Compensation

Michael Wukoschitz's picture

Austria: Supreme Court decides on loss of holiday enjoyment again

Two youngsters booked a holiday package to Greece, mainly for the purpose of "having party". They therefore chose a beach hotel close to several bars, discos and other entertainment places. The tour operator, however, accomodated them in a different hotel, about 12 km away. They therefore had to take a bus or taxi to reach the entertainment places. They sued for price reduction, compensation of costs for taxi and bus trips as well as compensation for loss of holiday enjoyment.

John Downes's picture

Scotland: Carriage By Road

Cheeseman v International Travel Services Ltd. [2008] Rep. LR 66

C booked a coach holiday excursion with X. The excursion was organised by X through sub-contractor V, which supplied the coach. C tripped on board the coach and sustained a fractured ankle. The cause was a defect in the carpet. C argued that X had accepted liability for transport suppliers under the terms and conditions of the contract.

Michael Wukoschitz's picture

Regulation on Compensation and Assistance for Air Passengers is valid

The International Air Transport Association (IATA) and the European Low Fares Airline Association (ELFAA), which represents the interests of 10 low-fare airlines from nine European countries, contested the United Kingdom’s implementation of the regulation before the High Court of Justice of England and Wales. They raised before the High Court questions concerning the validity of the regulation, in particular of the provisions relating to cancellations, delay and compensation. The High Court referred those questions to the Court of Justice of the European Communities.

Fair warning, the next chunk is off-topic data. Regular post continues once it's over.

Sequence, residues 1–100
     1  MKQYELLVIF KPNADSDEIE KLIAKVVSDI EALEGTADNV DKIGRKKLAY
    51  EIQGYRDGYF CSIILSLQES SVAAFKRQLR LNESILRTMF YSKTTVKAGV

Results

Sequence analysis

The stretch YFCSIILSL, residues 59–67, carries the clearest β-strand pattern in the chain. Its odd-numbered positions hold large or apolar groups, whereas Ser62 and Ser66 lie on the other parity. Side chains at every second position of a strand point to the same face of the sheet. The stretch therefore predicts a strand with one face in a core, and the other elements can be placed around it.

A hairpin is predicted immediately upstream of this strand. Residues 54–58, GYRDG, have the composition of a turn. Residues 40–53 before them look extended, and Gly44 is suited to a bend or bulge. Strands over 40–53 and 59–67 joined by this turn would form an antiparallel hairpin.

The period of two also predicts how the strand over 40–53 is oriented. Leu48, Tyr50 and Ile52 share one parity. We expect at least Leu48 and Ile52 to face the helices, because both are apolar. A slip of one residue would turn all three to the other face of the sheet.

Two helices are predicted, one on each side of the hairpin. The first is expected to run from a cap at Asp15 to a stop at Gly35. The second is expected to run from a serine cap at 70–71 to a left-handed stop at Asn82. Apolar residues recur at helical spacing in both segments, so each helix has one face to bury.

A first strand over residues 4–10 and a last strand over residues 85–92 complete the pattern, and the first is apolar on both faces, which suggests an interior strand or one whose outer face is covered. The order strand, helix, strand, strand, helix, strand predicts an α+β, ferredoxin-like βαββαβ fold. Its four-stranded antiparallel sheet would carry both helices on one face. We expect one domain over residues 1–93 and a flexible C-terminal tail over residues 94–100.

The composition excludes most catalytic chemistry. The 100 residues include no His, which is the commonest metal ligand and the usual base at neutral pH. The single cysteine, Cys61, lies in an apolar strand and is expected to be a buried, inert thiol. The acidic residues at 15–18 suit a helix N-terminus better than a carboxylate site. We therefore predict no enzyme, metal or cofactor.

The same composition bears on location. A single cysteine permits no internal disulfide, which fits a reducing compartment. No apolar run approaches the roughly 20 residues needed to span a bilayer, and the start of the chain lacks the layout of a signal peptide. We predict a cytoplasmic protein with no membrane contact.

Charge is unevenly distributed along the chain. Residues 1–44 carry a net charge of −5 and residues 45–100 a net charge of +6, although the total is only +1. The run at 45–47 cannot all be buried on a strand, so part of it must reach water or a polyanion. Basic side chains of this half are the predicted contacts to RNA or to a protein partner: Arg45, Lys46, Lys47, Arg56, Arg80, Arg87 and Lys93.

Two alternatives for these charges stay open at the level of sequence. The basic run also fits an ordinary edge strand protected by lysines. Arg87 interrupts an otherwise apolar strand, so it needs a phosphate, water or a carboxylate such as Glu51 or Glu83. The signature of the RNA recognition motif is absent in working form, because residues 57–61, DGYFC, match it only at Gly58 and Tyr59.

Michael Wukoschitz's picture

No tour operator liability for an accident

No tour operator liability for an accident of a two year old boy who slipped through the banisters of the hotel stairs: in a recent decision Austria's Supreme Court confirmed judgements of lower instance courts who both had dismissed a claim for compensation for pain and suffering based on the allegation that the tour operator had not provided sufficient security for children. Supreme court held that an advertisement emphasising favorable family rates would not justify increased expectations in regard to child security. Contractual safeguard obligations must not be overdrawn.

John Downes's picture

Lockerbie: Compensation

UK families have treated, with some scepticism, claims by US lawyers that they have negotiated a new settlement for families of the victims of the Lockerbie bombing. The settlements are said to amount to £6.4m (€10.08m or $10.12m) per family. However, there have been previous claims of settlement but these have failed to materialize.

John Downes's picture

Offer of Compensation

Swissair and Boeing have offered compensation to relatives of the 229 people who died after their flight was lost off the coast of Nova Scotia (Canada) in September 1998. The offer was made in a pre-trial meeting in a Philadelphia federal court. As part of the deal, the relatives would have to waive their "16bn (£10bn) claim for punitive damages. The companies have stressed that this does not amount to an admission of guilt. The case is due for its next hearing on 13 September.

John Downes's picture

Compensation for Bombing of Plane

Libya provided FF 200m ($31m/£50m) to compensate families of those killed in the bombing of a UTA DC-10 over Niger on a flight from Brazzaville (Congo) to Paris on 19 September 1989. 170 people were killed. A Paris court sentence 6 Libyans in absentia in March for placing the bomb on the plane. The French Foreign Ministry said that the sum was "an acknowledgement by the Libyan authorities of the responsibility of their citizens in accordance with the rulings of French justice".

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